Is heritage always something from the past done by others? Or will what we do today become the heritage that will be celebrated and protected in the future? By PIETER-DIRK UYS.
The general election was only a few months ago, and yet the speed of change has pushed it into the fog of yesteryear. Since then, political parties have been formed, others cleverly reformed or carelessly deformed.
Above all, that so-called “new generation of young South Africans” who were eligible to vote for the first time without having lived under legalised racism didn’t come to the party. I don’t use the hashtag #Apartheid because I don’t think Apartheid is gone. Legalised racism in South Africa is happily no more, thanks to a Constitution that protects all and sundry.
Apartheid just won’t come back again under the same name. So let us not ignore the inventiveness of bad politics. It will reappear in a new form to enrich a political elite. Big business as usual and, ironically, often also a questionable heritage for tomorrow.
At least the born-frees can still change the future of our democracy. They can plan to register their commitment to vote in the upcoming municipal elections of 2016. That is to say, if they care to cast their ballot. To protect our future heritage of freedom, every citizen – young, middle-aged, senior, doddering or not yet quite dead – has work to do. We all owe the 20-year celebration of this remarkable “second chance to make our dreams come true” our active support, not as passengers, but as citizens with passionate full commitment to the future of our children.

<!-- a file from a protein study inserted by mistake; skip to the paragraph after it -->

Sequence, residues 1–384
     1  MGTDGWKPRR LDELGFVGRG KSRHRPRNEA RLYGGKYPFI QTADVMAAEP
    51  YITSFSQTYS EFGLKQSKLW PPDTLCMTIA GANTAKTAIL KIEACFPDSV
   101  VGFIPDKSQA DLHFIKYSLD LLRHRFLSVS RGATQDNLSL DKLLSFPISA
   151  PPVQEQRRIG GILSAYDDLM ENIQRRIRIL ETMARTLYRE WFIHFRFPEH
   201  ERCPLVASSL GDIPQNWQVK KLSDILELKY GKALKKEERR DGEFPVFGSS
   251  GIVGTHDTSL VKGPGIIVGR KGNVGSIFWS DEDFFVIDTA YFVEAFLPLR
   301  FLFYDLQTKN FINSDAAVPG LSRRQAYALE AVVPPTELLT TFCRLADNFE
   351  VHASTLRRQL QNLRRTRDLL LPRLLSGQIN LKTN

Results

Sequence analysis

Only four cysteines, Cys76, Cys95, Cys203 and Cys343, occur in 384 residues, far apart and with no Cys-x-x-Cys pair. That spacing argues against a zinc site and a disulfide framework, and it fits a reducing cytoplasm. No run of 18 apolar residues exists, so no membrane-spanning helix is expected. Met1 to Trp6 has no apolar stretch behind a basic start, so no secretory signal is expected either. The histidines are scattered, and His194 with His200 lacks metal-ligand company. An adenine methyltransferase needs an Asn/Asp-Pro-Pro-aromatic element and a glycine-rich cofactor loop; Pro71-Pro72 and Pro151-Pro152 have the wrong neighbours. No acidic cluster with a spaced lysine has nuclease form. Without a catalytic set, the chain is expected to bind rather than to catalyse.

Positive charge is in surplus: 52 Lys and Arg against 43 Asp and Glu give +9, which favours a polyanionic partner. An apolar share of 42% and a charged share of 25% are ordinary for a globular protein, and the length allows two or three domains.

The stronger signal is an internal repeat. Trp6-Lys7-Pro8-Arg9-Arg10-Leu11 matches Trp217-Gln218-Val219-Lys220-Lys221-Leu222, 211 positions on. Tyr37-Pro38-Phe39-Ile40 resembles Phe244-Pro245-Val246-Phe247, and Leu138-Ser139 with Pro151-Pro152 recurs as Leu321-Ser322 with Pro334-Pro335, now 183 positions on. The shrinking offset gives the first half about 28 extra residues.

There is no second choice here, no alternative to a future of freedoms. How do we put into practic`e the enshrined rights for each person? Only by becoming involved in the daily protection of this process of government of the people, for the people, and by the people. If we do not do what democracy demands, which is to exercise our freedom of choice, our insistence on the impartiality of a Public Protector, our trust in the unprejudiced structures of Parliament, and our respect for even those hard hats who disagree with our point of view, we will lose tomorrow’s heritage. We must all use our voices to defend our rights as citizens of a country and not as mere members of a political party.
Could the 2014 General Election have been the last flickering colour of red in our fast-dimming rainbow? The joke used to be that black and white were never hues in that symbol. Ironically, today, among our more than fifty shades of grey, black and white are all that is left. Throughout the world one can watch democratically-elected governments use democratically-accepted ways to diminish democracy.
Because of the fear of not being politically correct, we will no longer be able to fight obviously repulsive fascist laws of suppression. The moral high ground has been sold to the highest bidder. And in most cases that bidder has enough support through money and power to cut our feet to fit their shoe. There is no safety net of neutrality.
And yet, if the people lead, government will follow! Often heritage can start at home. Celebrate it by standing up and being different. Using freedom of choice! Too many South Africans just sigh and say: “What’s the point of having an opinion?”
It’s like looking at the key in your hand to the door of the future – and then with a shrug tossing it into the dam of apathy. That door will not open for you ever again.
Besides being an addicted democrat, I am also a terminal optimist. Because of my work, I will always recognise the “mock” in democracy and seek out the “con” in reconciliation. I am an optimist because I have learnt during these mature years of my struggle against prejudice and fear, to always expect the worst hoping that the worst will never be as bad as I imagined.
So far, so good.
But the old, familiar blueprints of our heritage are now fading and fragile. We have to reinvent the excitement of being in charge of our future. Heritage starts today to be recognised as such tomorrow. All South Africans have a voice. All citizens have a vote. Everyone has choice. The greatest heritage we can give the future generations to celebrate is our freedom of expression. Express it and you strengthen it! DM
Pieter-Dirk Uys and his Satirical Cluster will celebrate our political heritage at the Market Theatre in “Adapt or Fly” from 1 to 26 October.